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Multiple thyroid nodules in the lung: metastasis or ectopia?



Intrapulmonary thyroid tissue with no malignant history of the thyroid gland is extremely rare. Usually, it is interpreted as ectopic thyroid tissue. Here we describe a case of bilateral pulmonary thyroid nodules with a history of multinodular thyroid goiter.


A 37-year-old female had recurrent multinodular thyroid goiter and showed bilateral pulmonary nodules on CT scan. Video-assisted thoracic surgery (VATS) was performed for the largest nodule biopsy. Pathological and molecular examinations were done after biopsy, and both were shown the characters of benign thyroid tissues. To eliminate the possibility of thyroid carcinoma metastases, total thyroidectomy with modified radical neck dissection was performed, and there were no malignant pathological findings. After surgery, this patient accepted adjuvant radiometabolic treatment for ablation of the remaining intrapulmonary nodules. Her thyroglobulin level decreased to an undetectable level, and she has currently survived for 24 months after surgery.

Clinical significance

In this case, pulmonary ectopic thyroid and metastasizing thyroid carcinoma should both be considered, but the metastatic pattern and benign pathological characters were inconsistent with any of the corresponding diagnosis. Ultimately, this patient accepted postoperative treatment of thyroid carcinoma metastasis.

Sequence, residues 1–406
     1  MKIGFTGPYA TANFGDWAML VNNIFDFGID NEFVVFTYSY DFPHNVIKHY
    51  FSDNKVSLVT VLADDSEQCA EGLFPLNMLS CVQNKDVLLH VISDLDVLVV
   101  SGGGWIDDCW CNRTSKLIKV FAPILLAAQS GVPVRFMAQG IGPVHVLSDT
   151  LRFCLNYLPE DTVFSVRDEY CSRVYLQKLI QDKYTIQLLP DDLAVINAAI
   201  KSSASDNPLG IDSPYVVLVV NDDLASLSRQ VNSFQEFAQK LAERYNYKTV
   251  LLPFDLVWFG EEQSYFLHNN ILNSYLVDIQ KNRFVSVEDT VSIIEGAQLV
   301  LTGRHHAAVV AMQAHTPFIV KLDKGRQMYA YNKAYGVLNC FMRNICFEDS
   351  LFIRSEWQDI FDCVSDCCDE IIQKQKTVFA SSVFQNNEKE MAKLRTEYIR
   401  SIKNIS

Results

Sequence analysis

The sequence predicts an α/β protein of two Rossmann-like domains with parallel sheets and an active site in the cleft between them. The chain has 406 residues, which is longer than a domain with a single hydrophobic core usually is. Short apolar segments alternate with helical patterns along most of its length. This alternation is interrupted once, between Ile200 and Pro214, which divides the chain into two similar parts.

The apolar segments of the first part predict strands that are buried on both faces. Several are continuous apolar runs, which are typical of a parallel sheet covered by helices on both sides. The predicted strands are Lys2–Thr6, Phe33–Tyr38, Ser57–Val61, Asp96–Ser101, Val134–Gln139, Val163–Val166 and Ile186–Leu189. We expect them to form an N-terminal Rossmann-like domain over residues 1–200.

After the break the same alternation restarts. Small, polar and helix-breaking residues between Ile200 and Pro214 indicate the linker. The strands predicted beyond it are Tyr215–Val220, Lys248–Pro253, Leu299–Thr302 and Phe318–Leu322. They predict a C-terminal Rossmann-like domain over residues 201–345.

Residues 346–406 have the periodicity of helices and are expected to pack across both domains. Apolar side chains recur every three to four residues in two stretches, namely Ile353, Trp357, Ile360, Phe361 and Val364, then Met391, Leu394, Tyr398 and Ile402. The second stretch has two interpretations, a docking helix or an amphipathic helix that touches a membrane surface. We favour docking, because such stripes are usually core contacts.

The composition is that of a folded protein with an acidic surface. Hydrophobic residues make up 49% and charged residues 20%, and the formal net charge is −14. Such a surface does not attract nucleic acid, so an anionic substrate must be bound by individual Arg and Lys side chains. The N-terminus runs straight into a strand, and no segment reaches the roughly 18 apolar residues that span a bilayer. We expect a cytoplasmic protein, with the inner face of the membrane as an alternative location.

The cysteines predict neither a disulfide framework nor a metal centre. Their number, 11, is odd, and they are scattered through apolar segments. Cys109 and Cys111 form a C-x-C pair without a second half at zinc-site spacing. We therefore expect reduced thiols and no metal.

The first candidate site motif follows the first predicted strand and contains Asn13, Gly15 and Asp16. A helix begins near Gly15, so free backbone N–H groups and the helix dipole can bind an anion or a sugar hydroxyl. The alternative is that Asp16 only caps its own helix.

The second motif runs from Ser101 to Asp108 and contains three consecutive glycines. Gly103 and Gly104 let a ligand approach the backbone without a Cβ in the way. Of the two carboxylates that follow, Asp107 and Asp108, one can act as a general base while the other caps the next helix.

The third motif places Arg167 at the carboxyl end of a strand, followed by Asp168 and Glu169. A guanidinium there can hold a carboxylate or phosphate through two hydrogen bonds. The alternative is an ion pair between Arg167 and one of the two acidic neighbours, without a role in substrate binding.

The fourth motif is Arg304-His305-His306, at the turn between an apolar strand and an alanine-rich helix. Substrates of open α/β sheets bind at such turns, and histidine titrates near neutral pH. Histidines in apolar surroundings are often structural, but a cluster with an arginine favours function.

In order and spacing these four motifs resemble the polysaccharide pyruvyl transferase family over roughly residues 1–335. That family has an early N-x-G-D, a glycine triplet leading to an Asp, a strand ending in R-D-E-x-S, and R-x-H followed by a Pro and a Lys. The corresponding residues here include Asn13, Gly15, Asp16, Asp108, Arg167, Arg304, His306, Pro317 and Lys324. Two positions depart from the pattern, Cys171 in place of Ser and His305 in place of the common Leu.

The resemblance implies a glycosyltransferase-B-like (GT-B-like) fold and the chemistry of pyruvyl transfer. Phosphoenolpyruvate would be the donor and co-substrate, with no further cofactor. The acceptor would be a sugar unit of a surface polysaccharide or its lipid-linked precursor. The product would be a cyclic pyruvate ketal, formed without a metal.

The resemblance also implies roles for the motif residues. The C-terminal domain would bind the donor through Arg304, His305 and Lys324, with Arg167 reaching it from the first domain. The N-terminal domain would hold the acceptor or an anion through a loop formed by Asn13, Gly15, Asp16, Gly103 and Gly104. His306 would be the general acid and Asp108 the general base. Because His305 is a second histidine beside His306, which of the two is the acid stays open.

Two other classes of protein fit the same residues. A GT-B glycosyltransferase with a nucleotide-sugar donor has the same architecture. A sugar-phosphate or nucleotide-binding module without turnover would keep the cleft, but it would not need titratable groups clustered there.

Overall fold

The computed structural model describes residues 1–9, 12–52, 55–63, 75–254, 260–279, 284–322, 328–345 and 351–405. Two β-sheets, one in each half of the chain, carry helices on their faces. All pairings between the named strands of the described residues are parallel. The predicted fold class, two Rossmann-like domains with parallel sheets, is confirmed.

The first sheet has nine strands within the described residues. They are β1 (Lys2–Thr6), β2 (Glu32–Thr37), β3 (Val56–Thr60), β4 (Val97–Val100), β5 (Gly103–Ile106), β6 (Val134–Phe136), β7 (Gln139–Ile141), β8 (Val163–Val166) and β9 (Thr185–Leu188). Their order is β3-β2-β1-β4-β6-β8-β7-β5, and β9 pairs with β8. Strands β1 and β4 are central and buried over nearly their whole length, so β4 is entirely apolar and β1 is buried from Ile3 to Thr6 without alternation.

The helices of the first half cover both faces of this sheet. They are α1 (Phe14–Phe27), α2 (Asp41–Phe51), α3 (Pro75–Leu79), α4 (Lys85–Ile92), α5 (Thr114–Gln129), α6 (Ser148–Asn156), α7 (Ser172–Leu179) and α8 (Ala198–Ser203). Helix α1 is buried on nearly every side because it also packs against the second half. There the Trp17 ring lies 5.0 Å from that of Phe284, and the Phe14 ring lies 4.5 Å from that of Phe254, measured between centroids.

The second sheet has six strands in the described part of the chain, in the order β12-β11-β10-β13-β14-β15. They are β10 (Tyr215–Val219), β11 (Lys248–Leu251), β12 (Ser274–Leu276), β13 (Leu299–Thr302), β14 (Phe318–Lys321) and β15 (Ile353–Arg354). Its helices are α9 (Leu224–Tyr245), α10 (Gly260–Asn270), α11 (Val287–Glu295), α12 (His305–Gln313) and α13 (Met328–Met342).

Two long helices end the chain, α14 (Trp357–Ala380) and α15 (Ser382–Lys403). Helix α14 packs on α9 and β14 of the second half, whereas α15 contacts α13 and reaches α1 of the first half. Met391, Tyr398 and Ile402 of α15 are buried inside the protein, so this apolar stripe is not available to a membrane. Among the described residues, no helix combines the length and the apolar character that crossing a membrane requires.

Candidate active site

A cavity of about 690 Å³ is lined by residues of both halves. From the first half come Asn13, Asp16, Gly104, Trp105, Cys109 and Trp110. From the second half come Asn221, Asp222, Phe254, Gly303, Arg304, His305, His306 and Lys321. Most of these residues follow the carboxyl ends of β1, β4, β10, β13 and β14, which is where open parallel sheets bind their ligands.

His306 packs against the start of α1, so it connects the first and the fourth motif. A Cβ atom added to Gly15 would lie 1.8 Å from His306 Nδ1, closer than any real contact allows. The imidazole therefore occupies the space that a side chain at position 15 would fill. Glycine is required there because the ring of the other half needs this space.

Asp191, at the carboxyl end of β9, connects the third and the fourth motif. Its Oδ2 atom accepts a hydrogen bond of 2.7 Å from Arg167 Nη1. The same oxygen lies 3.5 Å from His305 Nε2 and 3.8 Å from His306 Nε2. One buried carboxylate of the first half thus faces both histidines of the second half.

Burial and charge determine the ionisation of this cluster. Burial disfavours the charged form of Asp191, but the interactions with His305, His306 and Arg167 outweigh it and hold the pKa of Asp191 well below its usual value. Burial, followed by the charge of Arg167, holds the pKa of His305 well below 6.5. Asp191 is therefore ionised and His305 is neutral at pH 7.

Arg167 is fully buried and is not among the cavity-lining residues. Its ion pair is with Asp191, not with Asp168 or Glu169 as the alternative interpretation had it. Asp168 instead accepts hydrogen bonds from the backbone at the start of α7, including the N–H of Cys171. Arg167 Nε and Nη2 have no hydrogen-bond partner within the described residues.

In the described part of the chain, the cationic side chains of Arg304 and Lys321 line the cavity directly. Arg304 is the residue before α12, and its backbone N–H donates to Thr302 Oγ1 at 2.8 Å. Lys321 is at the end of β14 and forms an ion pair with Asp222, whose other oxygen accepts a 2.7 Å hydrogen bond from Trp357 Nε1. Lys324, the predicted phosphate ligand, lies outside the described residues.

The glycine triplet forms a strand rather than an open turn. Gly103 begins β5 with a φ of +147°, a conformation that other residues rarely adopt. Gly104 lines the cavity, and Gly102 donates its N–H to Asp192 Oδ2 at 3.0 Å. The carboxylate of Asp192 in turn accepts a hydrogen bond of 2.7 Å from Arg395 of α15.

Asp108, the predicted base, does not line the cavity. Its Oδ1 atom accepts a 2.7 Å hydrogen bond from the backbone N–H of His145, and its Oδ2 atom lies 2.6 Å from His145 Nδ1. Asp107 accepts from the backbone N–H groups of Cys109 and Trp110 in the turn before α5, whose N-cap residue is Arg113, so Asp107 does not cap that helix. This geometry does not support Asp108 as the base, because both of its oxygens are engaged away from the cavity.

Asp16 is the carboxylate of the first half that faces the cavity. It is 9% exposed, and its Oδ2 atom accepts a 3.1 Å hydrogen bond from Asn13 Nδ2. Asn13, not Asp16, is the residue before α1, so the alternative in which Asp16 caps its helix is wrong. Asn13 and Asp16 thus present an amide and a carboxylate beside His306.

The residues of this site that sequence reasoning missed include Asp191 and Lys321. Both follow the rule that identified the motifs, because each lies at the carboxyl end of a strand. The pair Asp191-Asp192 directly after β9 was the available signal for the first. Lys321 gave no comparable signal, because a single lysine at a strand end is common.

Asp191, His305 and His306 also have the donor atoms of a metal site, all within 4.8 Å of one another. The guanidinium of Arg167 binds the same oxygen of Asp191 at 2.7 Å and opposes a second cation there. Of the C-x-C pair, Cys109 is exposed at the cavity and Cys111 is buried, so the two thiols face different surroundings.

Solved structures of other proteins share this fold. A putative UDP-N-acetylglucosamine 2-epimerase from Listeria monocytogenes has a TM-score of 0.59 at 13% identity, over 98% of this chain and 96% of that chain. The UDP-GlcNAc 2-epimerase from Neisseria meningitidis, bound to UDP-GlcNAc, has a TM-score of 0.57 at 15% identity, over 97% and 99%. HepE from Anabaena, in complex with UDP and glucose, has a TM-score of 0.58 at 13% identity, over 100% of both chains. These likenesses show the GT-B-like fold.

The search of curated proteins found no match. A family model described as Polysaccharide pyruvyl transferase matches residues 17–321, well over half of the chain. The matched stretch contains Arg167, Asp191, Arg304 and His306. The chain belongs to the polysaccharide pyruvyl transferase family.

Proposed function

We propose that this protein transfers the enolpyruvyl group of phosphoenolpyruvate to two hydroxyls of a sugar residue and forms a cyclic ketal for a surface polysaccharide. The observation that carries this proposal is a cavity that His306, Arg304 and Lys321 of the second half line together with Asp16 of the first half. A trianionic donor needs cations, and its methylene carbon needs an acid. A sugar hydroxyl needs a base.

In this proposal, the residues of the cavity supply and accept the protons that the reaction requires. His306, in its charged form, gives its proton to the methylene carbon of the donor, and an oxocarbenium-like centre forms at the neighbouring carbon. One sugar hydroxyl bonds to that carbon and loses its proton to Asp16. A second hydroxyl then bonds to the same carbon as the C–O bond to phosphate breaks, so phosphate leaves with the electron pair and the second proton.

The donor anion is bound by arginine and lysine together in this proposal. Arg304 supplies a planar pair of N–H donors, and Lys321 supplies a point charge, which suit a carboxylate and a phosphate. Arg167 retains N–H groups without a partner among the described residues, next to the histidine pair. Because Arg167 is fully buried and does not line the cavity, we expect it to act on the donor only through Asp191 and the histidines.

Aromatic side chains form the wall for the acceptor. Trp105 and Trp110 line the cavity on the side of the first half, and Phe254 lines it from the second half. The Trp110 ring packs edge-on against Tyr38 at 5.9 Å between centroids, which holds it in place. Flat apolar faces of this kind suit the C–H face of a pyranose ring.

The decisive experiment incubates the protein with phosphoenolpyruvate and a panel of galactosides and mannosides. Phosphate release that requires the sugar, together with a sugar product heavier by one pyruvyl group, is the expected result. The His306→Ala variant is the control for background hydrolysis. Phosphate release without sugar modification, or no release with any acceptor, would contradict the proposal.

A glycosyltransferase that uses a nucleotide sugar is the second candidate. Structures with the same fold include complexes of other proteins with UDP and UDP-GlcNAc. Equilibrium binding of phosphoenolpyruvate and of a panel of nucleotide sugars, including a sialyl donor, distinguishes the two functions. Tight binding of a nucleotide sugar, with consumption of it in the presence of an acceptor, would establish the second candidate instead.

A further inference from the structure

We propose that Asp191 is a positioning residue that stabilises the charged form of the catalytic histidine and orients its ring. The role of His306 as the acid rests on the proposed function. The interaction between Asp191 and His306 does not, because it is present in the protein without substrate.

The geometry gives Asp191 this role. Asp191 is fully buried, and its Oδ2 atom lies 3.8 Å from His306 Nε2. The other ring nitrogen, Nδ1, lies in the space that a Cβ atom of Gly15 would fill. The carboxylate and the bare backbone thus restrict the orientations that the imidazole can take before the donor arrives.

This is a rare thyroid disease with malignant behavior but no pathological evidence. Careful diagnosis and postoprative follow-up should be carried out whenever such nodules are encountered in clinical practice.

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Thyroid benign nodules arising from follicular cells, including multinodular goiter, are generally thought not to metastasize. Therefore, once there are benign lesions in regional or distant organs, ectopic thyroid tissue should initially be considered. Usually, aberrant thyroid tissue can be found in the midline from the tongue to the diaphragm, along the thyroglossal tract [1]. While thyroid ectopia in the lung is uncommon, the possibility of thyroid carcinoma should also be considered. Since this is a lesion distinct from ectopic thyroid, treatment and prognosis would be significantly different. One should be cautious in making the diagnosis, especially when the metastases or/and the primary lesion have no obvious malignant pathological morphology. Here we report a rare case of multiple pulmonary thyroid nodules, concomitant recurrent multinodular goiter of the thyroid gland. The interpretation of such a finding may be of critical importance in the diagnosis and the ensuing therapeutic intervention.


The study was approved by the Ethics Committee of Tongji Hospital, Tongji Medical College, Huazhong University of Science and Technology, Wuhan, China. Written informed consent was obtained from the patient.

Serum levels of thyrotropin (TSH), thyroglobulin (TG), free triiodothyronine (FT3), and free thyroxine (FT4) were measured by chemiluminescent immunoassays (Abbott system).